A reflection on curating the Z-time digital exhibition during a COVID 19 lockdown
We are each timepieces – our bodies carry within them an inner time embedded in our organs and cells. These body clocks are constantly in conversation with our environment through the light we see, the food we eat, and how we move. New research is revealing the extent to which our health is dependent on these biological rhythms remaining in synchronicity – which is often challenging in a modern world which seems to never stop. Regular cycles of sleep and wake, feed and fast, rest and activity are integral to the efficient running of the clocks.
This project takes the science of circadian rhythms as a jumping off point for a wider investigation of time, timing and rhythmicity in health, medicine and scientific practice. We are interdisciplinary in our approach, drawing on insights from history, curatorial practice, science communication, medical humanities and science and technology studies. Body Time is embedded within the Novo Nordisk Foundation Center for Basic Metabolic Research (CBMR) and the Medical Museion.
Explore this site to find out more about our projects, who we are, what we do and how you can get involved.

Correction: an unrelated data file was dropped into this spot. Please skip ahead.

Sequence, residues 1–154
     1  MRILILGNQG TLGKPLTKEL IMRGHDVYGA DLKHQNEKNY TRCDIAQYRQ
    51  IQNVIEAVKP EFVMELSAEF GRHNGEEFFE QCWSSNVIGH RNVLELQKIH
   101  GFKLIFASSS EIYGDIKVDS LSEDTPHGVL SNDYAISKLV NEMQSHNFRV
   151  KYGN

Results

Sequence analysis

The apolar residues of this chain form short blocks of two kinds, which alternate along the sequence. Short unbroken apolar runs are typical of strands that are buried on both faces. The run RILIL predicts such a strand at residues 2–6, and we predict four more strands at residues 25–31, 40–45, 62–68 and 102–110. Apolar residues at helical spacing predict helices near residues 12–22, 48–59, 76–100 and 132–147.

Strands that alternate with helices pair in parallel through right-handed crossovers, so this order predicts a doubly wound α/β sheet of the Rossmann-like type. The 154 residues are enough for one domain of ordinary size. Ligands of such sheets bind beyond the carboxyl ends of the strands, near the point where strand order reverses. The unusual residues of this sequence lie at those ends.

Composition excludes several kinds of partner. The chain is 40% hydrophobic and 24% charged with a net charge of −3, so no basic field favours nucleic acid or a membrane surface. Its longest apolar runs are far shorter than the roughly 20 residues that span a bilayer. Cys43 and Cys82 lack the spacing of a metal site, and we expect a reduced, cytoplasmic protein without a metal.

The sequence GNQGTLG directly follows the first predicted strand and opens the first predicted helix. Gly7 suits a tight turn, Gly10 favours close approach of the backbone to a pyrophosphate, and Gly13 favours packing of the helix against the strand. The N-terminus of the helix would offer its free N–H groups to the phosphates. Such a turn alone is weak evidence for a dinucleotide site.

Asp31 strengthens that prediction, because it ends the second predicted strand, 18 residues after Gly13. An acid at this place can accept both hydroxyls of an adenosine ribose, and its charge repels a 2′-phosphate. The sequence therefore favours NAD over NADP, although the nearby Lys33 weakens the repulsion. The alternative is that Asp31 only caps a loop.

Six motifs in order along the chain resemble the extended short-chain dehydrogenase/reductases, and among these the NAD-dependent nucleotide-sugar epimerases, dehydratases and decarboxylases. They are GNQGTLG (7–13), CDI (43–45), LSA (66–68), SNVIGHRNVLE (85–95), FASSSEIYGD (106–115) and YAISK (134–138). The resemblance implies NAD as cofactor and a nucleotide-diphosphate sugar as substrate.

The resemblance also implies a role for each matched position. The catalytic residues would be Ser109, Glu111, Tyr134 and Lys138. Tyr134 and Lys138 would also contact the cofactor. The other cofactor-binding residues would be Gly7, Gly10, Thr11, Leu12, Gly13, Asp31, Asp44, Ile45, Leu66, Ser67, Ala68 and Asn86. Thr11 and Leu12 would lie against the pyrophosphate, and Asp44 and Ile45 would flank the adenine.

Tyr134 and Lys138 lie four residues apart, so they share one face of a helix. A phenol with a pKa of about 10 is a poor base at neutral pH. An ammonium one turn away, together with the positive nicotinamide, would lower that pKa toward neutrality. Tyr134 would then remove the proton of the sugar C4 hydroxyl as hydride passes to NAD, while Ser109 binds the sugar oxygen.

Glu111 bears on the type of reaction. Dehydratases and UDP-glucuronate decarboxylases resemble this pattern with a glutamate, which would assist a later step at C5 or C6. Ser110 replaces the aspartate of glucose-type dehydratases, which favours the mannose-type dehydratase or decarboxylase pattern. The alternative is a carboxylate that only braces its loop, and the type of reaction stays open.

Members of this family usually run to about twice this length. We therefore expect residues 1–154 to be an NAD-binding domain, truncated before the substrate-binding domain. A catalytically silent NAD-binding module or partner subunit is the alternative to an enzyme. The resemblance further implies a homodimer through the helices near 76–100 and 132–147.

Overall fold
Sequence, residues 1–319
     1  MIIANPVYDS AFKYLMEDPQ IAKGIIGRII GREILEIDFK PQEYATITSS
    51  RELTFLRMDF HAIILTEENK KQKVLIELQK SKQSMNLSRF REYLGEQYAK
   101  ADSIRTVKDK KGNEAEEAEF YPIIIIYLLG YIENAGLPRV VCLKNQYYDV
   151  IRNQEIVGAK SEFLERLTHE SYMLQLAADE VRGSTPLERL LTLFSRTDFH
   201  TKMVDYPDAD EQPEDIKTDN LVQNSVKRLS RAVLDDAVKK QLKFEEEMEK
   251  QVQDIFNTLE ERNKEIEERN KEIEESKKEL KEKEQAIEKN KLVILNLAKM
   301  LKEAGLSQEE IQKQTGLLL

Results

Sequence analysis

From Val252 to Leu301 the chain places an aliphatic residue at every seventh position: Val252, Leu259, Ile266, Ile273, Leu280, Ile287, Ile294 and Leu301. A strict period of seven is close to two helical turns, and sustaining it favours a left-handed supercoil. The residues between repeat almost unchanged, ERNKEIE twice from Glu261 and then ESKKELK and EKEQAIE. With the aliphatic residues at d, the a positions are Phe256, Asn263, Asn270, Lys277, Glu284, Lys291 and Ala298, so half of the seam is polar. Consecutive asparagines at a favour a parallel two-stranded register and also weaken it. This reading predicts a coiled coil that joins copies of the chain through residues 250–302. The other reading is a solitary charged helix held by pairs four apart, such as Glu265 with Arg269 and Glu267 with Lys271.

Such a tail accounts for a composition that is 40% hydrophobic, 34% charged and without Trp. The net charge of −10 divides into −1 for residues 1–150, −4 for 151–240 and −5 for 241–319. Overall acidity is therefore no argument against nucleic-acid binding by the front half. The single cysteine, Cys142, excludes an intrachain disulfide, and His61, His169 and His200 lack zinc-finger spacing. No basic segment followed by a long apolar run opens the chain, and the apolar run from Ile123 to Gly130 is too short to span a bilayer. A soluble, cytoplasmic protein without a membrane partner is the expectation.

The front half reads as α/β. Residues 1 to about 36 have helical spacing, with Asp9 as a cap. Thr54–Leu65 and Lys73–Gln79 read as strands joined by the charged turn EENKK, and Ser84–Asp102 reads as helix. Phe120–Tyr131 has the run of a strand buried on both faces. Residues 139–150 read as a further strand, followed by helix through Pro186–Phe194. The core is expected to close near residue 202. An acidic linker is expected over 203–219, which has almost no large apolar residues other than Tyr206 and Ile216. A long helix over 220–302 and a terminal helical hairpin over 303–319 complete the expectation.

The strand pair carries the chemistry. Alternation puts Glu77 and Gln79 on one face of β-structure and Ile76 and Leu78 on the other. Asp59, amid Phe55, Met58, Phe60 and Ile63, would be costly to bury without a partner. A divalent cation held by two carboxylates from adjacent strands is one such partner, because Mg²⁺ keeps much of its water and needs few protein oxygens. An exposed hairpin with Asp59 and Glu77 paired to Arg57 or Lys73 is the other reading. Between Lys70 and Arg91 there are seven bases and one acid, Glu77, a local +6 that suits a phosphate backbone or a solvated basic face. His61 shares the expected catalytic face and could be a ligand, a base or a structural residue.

We are very excited to announce the launch a new pop-up display in collaboration with artist Isabella Martin called Z-Time: The art and science of circadian rhythms. This new display is an opportunity to share the process of developing a collaborative artwork...
While world has been gripped in the COVID-19 pandemic, sleep has also been making the headlines. Amid the confusion, uncertainty and sadness, people have also been struggling to sleep or sleeping too much. In particular, sleep researchers are fascinated with the...
As we approach the end of March, many countries around the world from Mongolia to Paraguay to Greenland are preparing to ‘spring forward’ and move the clocks forward an hour. Each year, Daylight Savings Time (DST) brings with it passionate debates about...
If I told you that I studied circadian rhythms, it probably wouldn’t mean very much to you. What about ‘chronobiology’? The biology part is easy enough, the study of living things, but what about ‘chrono’? These scientific names obscure a simple fact about being human...
Bredgade 62, 1260 København K
Fredericiagade 18, 1310 København K
Telefon: 35 32 38 00 (man-fre kl. 10-14)
Tirsdag - fredag kl. 10 – 16
Weekender: 12 – 16
Klik her for mere info om åbningstider og priser